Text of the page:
Skyrocketing rental prices and the surge in a new class of more educated, middle-class renters are fueling a revival of the rent control movement across the country.
Aljazeera America - About 110 million Americans or more than a third of the U.S.
population live in rental units. And the biggest increase from 2013 to
2014 was among households earning $50,000 or more a year — the combined
result of the foreclosure crisis and changing demographics.
Millennials whose numbers now exceed baby boomers are delaying two major incentives for home ownership: marriage and kids.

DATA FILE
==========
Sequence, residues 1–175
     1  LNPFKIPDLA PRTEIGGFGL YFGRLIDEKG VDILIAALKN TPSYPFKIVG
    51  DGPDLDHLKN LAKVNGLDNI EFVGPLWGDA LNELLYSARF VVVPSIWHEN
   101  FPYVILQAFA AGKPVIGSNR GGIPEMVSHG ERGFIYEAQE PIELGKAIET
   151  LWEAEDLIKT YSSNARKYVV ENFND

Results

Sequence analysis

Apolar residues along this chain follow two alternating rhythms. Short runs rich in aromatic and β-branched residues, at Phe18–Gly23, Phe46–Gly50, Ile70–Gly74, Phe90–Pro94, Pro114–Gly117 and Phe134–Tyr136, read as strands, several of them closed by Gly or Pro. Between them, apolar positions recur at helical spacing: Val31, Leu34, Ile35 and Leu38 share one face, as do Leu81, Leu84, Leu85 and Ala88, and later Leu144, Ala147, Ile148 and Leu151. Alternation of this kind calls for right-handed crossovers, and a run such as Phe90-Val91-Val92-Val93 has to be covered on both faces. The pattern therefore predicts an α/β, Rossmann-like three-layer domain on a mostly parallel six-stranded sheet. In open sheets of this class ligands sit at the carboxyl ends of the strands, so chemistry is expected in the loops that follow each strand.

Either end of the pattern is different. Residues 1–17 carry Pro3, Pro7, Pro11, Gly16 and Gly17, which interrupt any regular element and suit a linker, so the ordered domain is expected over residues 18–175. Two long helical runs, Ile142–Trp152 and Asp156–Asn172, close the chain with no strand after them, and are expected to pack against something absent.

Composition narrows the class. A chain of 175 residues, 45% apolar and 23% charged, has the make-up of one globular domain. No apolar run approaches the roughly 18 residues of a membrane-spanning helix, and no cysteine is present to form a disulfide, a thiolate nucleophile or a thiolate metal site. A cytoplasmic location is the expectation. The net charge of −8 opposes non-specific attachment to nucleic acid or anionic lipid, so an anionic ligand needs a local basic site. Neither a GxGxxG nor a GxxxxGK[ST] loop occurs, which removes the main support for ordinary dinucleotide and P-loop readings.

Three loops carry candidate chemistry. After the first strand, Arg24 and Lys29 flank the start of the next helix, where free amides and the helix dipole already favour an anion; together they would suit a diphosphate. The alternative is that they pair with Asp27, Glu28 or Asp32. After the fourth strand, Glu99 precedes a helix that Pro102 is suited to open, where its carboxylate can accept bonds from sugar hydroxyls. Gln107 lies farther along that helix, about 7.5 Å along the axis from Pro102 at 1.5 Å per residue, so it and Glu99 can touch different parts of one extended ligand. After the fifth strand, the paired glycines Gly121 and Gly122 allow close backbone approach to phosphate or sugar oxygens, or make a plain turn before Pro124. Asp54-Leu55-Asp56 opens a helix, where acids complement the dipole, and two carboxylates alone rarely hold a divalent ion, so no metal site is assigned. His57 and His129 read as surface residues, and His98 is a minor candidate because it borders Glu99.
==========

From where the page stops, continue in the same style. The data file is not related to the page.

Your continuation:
As a result, the supply of apartments has shrunk since the Great
Recession while the demand soared, creating a surge in rental prices.
More than half of all renters in 19 states and Washington, D.C., spend
more than a third of their income — the traditional measure of
affordability — on rent.
This affordability crisis has given momentum to the rent control
movement for the first time since its heyday in the 1970s, a time of
urban renewal and gentrification. Rent control efforts are underway in
Seattle and in Richmond and Alameda in California. A national group, Right To The City Alliance, has launched a national Homes for All, Inc., campaign to unite renters.